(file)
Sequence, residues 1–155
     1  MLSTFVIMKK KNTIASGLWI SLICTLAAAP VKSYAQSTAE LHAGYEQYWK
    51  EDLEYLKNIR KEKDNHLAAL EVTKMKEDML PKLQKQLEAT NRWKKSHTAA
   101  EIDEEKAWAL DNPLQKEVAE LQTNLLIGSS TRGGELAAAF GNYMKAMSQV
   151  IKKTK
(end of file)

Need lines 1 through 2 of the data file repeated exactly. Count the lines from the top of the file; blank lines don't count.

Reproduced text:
Sequence, residues 1–155
     1  MLSTFVIMKK KNTIASGLWI SLICTLAAAP VKSYAQSTAE LHAGYEQYWK